Date: Sat, 7 Feb 1998 13:07:01 -0500 From: firstname.lastname@example.org To: "Mahlon H. Smith"Click here to go one level up in the directory.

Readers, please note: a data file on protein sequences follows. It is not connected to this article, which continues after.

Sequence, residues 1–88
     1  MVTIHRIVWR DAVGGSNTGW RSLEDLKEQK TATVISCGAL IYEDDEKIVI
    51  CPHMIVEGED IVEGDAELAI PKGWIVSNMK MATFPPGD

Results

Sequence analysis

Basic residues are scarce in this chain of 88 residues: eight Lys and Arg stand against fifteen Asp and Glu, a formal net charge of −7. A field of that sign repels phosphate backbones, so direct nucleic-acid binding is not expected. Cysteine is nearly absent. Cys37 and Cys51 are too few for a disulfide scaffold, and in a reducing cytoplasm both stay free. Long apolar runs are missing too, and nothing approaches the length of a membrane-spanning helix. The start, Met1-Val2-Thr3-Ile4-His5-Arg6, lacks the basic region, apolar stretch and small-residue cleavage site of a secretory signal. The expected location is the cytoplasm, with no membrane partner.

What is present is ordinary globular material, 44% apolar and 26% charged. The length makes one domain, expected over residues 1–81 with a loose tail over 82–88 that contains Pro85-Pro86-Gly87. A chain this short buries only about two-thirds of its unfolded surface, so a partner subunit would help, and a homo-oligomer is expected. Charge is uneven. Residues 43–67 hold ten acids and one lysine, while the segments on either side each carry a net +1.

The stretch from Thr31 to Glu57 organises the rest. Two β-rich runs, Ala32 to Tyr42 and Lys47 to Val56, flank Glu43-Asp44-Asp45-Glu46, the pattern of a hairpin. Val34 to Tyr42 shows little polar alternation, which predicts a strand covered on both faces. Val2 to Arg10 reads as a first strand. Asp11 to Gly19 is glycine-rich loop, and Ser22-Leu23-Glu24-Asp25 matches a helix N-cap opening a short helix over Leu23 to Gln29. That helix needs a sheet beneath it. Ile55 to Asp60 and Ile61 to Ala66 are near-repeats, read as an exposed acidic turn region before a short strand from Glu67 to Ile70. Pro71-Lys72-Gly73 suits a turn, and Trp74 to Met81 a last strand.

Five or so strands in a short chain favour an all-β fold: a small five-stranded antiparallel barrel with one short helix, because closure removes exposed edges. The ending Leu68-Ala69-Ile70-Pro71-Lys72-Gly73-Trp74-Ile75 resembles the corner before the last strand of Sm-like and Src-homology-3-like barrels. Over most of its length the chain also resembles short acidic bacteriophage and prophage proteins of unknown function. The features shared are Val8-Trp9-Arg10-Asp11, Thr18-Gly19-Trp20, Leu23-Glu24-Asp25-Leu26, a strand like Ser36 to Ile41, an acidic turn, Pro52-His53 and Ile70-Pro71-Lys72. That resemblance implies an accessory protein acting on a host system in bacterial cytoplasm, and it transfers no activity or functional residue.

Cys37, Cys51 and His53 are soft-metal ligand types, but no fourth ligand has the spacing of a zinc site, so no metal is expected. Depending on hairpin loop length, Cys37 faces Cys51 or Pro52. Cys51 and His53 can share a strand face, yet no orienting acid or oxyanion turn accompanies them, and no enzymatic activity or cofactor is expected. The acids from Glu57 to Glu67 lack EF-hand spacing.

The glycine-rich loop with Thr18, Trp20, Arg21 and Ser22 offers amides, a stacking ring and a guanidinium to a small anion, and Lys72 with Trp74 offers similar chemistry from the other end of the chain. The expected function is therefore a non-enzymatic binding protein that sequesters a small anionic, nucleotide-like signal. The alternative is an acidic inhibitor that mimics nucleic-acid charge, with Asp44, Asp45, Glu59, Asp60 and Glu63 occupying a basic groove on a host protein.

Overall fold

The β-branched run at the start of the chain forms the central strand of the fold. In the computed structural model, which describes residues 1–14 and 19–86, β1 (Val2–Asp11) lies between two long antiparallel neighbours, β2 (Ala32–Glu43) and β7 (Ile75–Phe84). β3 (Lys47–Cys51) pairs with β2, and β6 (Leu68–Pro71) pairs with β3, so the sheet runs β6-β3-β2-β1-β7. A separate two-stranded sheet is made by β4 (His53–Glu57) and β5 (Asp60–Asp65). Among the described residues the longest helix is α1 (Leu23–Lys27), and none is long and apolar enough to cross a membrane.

Cc: email@example.com Subject: Hebrews and the Hellenists Dear Mahlon, I have not forgotten about our recent very interesting discussion about the Hellenistic deacons. In fact, I've asked about this subject on the Acts-L, and Mikeal Parsons, a member of that list, recommended to me the following book by Hill. This book I, in turn, can recommend to anyone, since it seems like a solid piece of scholarship. So here's a sort of a review I've written about it. I hope you enjoy it. I'll be grateful for any corrections or criticism from you or other listmembers. Hill seems to accept that the ordination of the 7 deacons was historical. Best wishes, Yuri. THE 12 APOSTLES AND THE 7 DEACONS: Ferdinand Baur, and the tangled tales of the Book of Acts --------------------------------------- by Yuri Kuchinsky Craig C. Hill, HELLENISTS AND HEBREWS: REAPPRAISING DIVISIONS WITHIN THE EARLIEST CHURCH, 1992, Fortress. Hill's book, based on his Oxford dissertation under E. P. Sanders, deals with what is and is not historical in the Book of Acts. While it is a general trend in NT scholarship to see the Acts as containing much unhistorical material that is pretty obviously a creation of Luke, and to privilege the Epistles of Paul in preference to Acts as the historical source, still many scholars believe that _there are_ some valid historical materials in Acts. Thus, it is believed that Luke, in composing the Acts, used certain quite reliable earlier historical sources. In particular, this applies to how the Acts describe the developments in the early Jerusalem Jesus movement, and to certain tensions that occurred there between the original Aramaic speaking followers of Jesus, and the Greek speaking Jewish believers, known also as the Hellenists. Also, these reliable sources of Acts seem to provide some highly valuable details about one important historical question, namely, How exactly did the early Christian faith first spread outside of Israel to Syria, and to other Greek-speaking areas of the Roman Empire. In this area, the Acts seems to provide an important correction to the picture we may derive from the Epistles of Paul, especially in regard to Paul's own role in all this. Hill's book on the whole is a very credible effort, and a valuable contribution to the debate in this area. The thesis that there was a clear division within the early church between the Hebrews and the Hellenists was first formulated by the Tubingen scholar Ferdinand Baur back in 1831. As Hill notes, Baur's thesis became very influential, and it still seems to be generally accepted by the scholars working in this area today. In his book, Hill provides an impressive overview of all the scholarship in this area. In his time, Baur suggested that the earliest split within the Church was the one that separated the Hellenistic (Greek speaking) followers of Jesus, of whom Stephen was the most prominent, from the more "conservative" Aramaic-speaking group of the earliest followers in Jerusalem. Thus, the ordination of the 7 deacons in Jerusalem, as described all too fragmentarily in the Book of Acts (Acts 6:1-7), was an expression of those tensions. Stephen's martyrdom soon followed, and then came the expulsion of the Hellenists from Jerusalem (these developments are also discernable in certain passages in the Acts). Thus the message of Jesus was spread for the first time to the Jewish diaspora, especially to Antioch, and also, thereby, this message was then preached for the first time to the Gentiles. And so, the Jewish/Gentile barrier was crossed for the first time. Hill's stated purpose is to provide, in his book, a corrective to these very influential and widely accepted views of Baur, and he is conscious that the opinion he is proposing is pretty well a minority one. Baur's reconstruction of the early church ... elicited an extraordinary response; indeed, it may be said that through it Baur succeeded in setting the agenda for much of subsequent New Testament scholarship. (p. 8) Hill provides a long list of modern scholars strongly influenced by Baur. And in particular, Hill argues extensively against Hengel, Baur's one quite prominent modern follower. Without question, the most influential contemporary advocate of a view of the Hellenists consistent with that of F. C. Baur is Martin Hengel. (p. 15) Hill makes many good points against Hengel, who clearly needs some correction. (Hengel now has a new book that came out after Hill's book was published, AUTHOR: Hengel, Martin. TITLE: Paul between Damascus and Antioch : the unknown years / Martin Hengel and Anna Maria Schwemer. PUBLISHED: London : SCM Press, 1997. But the views of Hengel did not change substantially, I believe, from what he published before.) In particular, one serious problem with Hengel's theories is that he defends the accounts in Acts portraying Paul as active in Jerusalem early on in persecuting the Church. While Hengel tends to accept these as historically reliable (pp. 34-5 in Hill), Hill, to his credit, doesn't. As Hill says, this picture contradicts rather strongly with what Paul himself wrote in his Epistle to the Galatians. I am inclined to agree with those who see in Gal 1:22 an insurmountable obstacle to the belief that Paul persecuted the church in Jerusalem. (p. 29, n. 41) But when all is said and done, the larger thesis of Hill, in so far as it is negative and anti-Baur, may seem somewhat problematic. This is what Hill seems to argue against in his book, The prevailing interpretation of Acts 6:1-8:4 holds that the Hellenists and Hebrews were separate, ideologically based parties within the earliest Jerusalem church. (p. 3) Hill disagrees rather strongly with the above. He thinks the two parties in Jerusalem were not so different ideologically after all. Well, he may be right here up to a point. But the danger in rejecting Baur's thesis too strongly is that, if we do so, we may be left without any means to solve certain tantalizing mysteries in regard to historical and doctrinal development within the early movement. (I will come back to these questions later on.) This danger is the proverbial danger in possibly throwing out the theoretical baby together with the bathwater in which it was bathed. Indeed, the fact, continuously pointed at by Hill, that there was much diversity in the early Church should not be taken to mean that there were no conflicts within the early Church! Sometimes Hill may seem to be neglecting this rather obvious consideration... In any case, the positive argument of Hill's book is this, The primary thesis of this book is that the complex or pluralistic perspective is as true to early Jewish Christianity as it is to first-century Judaism generally. This is the positive counterpoint to the negative argument made concerning the inadequacy of the Hellenist-Hebrew dichotomy. ... Put simply, the situation was complicated -- much more so than previous scholarly constructions would lead us to believe. (p. 4) Well, this makes sense to me on the whole. True, recently there's been a lot more awareness about the complexity of the religious situation in Israel in the first century CE. I agree that, especially since the publication of the Dead Sea Scrolls, the scholars should no longer be talking about "the early conflicts between Judaism and Christianity", but rather they should really be considering various Judaisms that existed at that time over against a variety of Christianities existing then. Baur's thesis indeed was somewhat simplistic in this regard. It needs to be said that, to his credit as an objective scholar that he appears to be, Hill seems to accept broadly a number of important points Baur was making in his time. In particular, Hill accepts that the Hellenists _were_ important in the first opening up of the Church towards the Gentiles, That the mission to the Gentiles should have begun and found its focus in Antioch does not contradict the thesis of this book. After all, whom else would we expect to evangelize the Gentiles if not those who lived as their neighbours and spoke their language? That the mission to the Gentiles was a bold step cannot be denied. (p. 106) So, in trying to provide a corrective to Baur, Hill does accept quite a lot of what Baur, Hengel, and others have to offer. Hill's critique focuses mostly on the finer details of these ideas, trying to emend them rather than to reject them. Thus, Hill accepts that the 7 deacons were probably ordained, The event it [the text of Acts 6:1-7] records is (as I shall argue below) historically probable. Moreover, the account supplies us with sufficient independent information to be considered credible -- or, at least, to deserve the benefit of the doubt. (p. 26) So Hill accepts that Luke, the author of Acts, may have been working with some valid historical sources in composing his narrative of these events. In general, I tend to agree with a lot of what Hill is saying in his book. Yes, there was a lot of pluralism in first century Israel, and, yes, the ideological opposition between the Hebrews and the Hellenists may have been rather overdrawn by many scholars, especially in the past. Yet I also believe we should be able to accept much of what is valid in Baur, as Hill actually does, without also having to accept his perhaps too black-and-white dichotomy that he perceived in the earliest movement. In other words, to argue for what is valid in Baur does not at all mean, contra Hill, that one should also be arguing for the sharp ideological distinctiveness between the Hebrews and the Hellenists. Where Hill may be weak is in his not being attentive to the fact that _there were_ some differences there. And here, some general background will be useful. Generally it is believed that Jesus, himself, preached his message only to the Jews. The earliest movement was entirely a Jewish movement. At some point, the Gentiles were included in the movement. When, and in what circumstances did this happen? This is one important question where Baur's work is very helpful in being able to provide some answers. Our NT narratives, Mk the earliest among them, create the impression that the opening to the Gentiles was accomplished by Jesus himself. This should hardly be accepted as historical. It is more reasonable to suppose that this opening took place some time post-Easter (and as we have seen above, Hill accepts that this may have happened in Antioch). And another background matter also needs to be clarified. Namely, was the message of Jesus spread privately or publicly? This is not really such a simple question. Certainly, that Jesus himself was preaching in public, at least from time to time, is likely. How else should he have been crucified? But it also seems very likely that, post-Easter, his followers did not preach his message publicly at first, at least not in Jerusalem. For one thing, quite naturally, they would have been rather afraid to do this. Their proselytizing could have only been private at the early stage, or so it seems. (This happens to be the view of the French biblical scholar Alfred Loisy who worked early in this century.) But, also, at some point, the message _was_ proclaimed publicly. And Stephen was likely to have been the first to do it. Loisy thinks it was Stephen and his followers who were bold and enthusiastic enough to go beyond private proselytizing, and to tell the world openly the Good News that they felt the need to spread about. Hill neglects to deal with this important distinction between public and private proselytizing in his book. To summarize, two important questions need to be asked by any scholar interested in finding the historical truth in this area. 1. Whose idea was it originally to include the Gentiles into the movement, i.e. to open up the Church to the Gentiles? The Hellenists must have played a very big role here, and Hill actually accepts this. Certain relaxations around the Torah observance accompanied this development, most likely. 2. Who was the first to preach the message of Jesus openly rather than privately post-Easter, especially in Jerusalem? It was most likely Stephen and his Jewish Hellenistic followers, the seven deacons. That Stephen is named in the Acts at the head of the list of these deacons is significant. That Stephen was martyred primarily as a result of these developments seems to be pretty clear. And so, contra Hill, the tension between the Hebrews and the Hellenists must have been quite important in any case, and should not be overlooked. Hill also devotes a considerable portion of his book to the analysis of what happened after the Hellenists were expelled from Jerusalem. The beginning of the Jesus movement in Antioch must have followed soon after, and Hill accepts such a sequence of events. But in this regard, the role of Paul must be considered anew. Paul, of course, seems to declare himself quite unambiguously in his Epistles as the "Apostle to the Gentiles". But how did he get to be the Apostle to the Gentiles? And what did this term mean at the time, in any case? In this area, Hill's analysis is also pretty solid. His reconstruction of the Pauline chronology seems well based. The general conclusion that one may reach from all these considerations is that Paul was not really the Apostle to the Gentiles, at least not early in his career, certainly. In the beginning of his career he was clearly a junior member of the church in Antioch. And this church was almost certainly under the leadership of Barnabas for many years. (Hill seems to think that Barnabas was on the whole on good terms with Jerusalem.) So it is clear that Barnabas was the earliest Apostle to the Gentiles, if there indeed was any such one Apostle. How exactly had Paul managed to claim this exalted title for himself would be very interesting to look into. But this, naturally, will raise a related question, Whether or not he really did so in his life-time? Or was this title perhaps attributed to him posthumously by his later followers, who also may have added a few key passages here and there to his Epistles? Nevertheless, all this is already beyond the scope of the present essay. Best wishes to all, Yuri. Yuri Kuchinsky | "Where there is the Tree of Knowledge, there -=- | is always Paradise: so say the most ancient in Toronto | and the most modern serpents." F. Nietzsche -=-=- http://www.io.org/~yuku -=-=-